Attorney General Loretta Lynch testified before the Senate Judiciary Committee on Capitol Hill in Washington, advocating that states should make it easier for convicted felons to obtain state-issued IDs upon release from prison. Her remarks were part of a broader push by the Justice Department to reexamine criminal justice policies that have been perceived by many as overly harsh on released felons, putting too many barriers in the way of their re-entry into society. The department has released a 7-page policy statement entitled “Roadmap to Re-entry” outlining recommendations for reform.
Difficulties obtaining state IDs can have wide-ranging impacts on returning citizens, including preventing them from obtaining housing, employment, credit, and even banking accounts. This can create a snowball effect that forces ex-convicts to exist on the margins of society, which reform advocates say may contribute to a cycle of reoffending. The Justice Department recommends state governors allow ex-convicts returning to society to simply exchange their prisoner identification cards for state-issued IDs, or to accept prison IDs as primary identity documents. These measures would greatly ease the process of re-entry and send a message to reformed ex-convicts that society is invested in their success.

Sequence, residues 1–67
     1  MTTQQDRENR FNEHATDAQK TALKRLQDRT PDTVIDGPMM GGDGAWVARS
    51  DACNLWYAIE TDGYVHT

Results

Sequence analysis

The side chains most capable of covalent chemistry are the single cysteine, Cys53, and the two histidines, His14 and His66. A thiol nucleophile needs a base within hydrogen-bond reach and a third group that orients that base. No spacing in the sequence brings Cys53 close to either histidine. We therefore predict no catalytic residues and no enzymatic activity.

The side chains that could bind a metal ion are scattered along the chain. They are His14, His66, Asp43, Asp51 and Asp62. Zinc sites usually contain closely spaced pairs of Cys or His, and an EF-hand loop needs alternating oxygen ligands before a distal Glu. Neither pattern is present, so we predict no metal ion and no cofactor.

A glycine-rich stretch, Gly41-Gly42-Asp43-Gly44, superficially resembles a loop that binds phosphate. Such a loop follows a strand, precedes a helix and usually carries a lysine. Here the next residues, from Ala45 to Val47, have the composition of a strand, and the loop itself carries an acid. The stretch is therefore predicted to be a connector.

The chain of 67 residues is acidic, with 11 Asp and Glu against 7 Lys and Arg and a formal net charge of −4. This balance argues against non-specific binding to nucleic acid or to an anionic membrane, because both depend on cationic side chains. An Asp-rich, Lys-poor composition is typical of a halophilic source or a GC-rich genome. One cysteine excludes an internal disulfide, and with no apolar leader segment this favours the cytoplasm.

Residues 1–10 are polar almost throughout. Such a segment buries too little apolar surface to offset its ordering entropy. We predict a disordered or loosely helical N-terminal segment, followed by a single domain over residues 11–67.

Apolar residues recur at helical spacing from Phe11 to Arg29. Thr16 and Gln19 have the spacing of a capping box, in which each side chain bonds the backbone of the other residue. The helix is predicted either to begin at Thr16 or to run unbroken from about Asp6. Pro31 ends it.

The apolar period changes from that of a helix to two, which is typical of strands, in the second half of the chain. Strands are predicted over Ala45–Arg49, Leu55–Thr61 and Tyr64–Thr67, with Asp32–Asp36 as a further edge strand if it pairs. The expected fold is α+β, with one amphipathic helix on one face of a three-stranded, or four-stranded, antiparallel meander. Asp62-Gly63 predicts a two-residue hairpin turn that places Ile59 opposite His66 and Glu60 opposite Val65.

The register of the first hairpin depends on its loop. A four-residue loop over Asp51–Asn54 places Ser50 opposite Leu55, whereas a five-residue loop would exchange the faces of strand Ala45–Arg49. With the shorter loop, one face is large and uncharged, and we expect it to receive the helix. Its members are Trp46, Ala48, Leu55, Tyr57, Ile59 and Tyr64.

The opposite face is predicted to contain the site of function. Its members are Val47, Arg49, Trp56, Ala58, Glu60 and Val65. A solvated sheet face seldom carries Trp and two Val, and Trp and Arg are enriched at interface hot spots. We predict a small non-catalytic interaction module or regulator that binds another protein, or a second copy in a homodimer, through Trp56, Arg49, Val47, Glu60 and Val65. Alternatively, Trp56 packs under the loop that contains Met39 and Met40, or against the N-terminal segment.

To this end, the Justice Department also recommends that federal prisons create individualized re-entry plans for each inmate prior to release that will take their individual histories and risk factors into account. The agency is also reviewing a network of halfway houses where the majority of ex-convicts are housed prior to being fully released, and assessing strengths and weaknesses in life skills and job training programs to better meet their needs and prepare them for successful re-entry. The Justice Department is also publishing a small manual with advice and guidance on re-entry to all U.S. citizens leaving corrections facilities.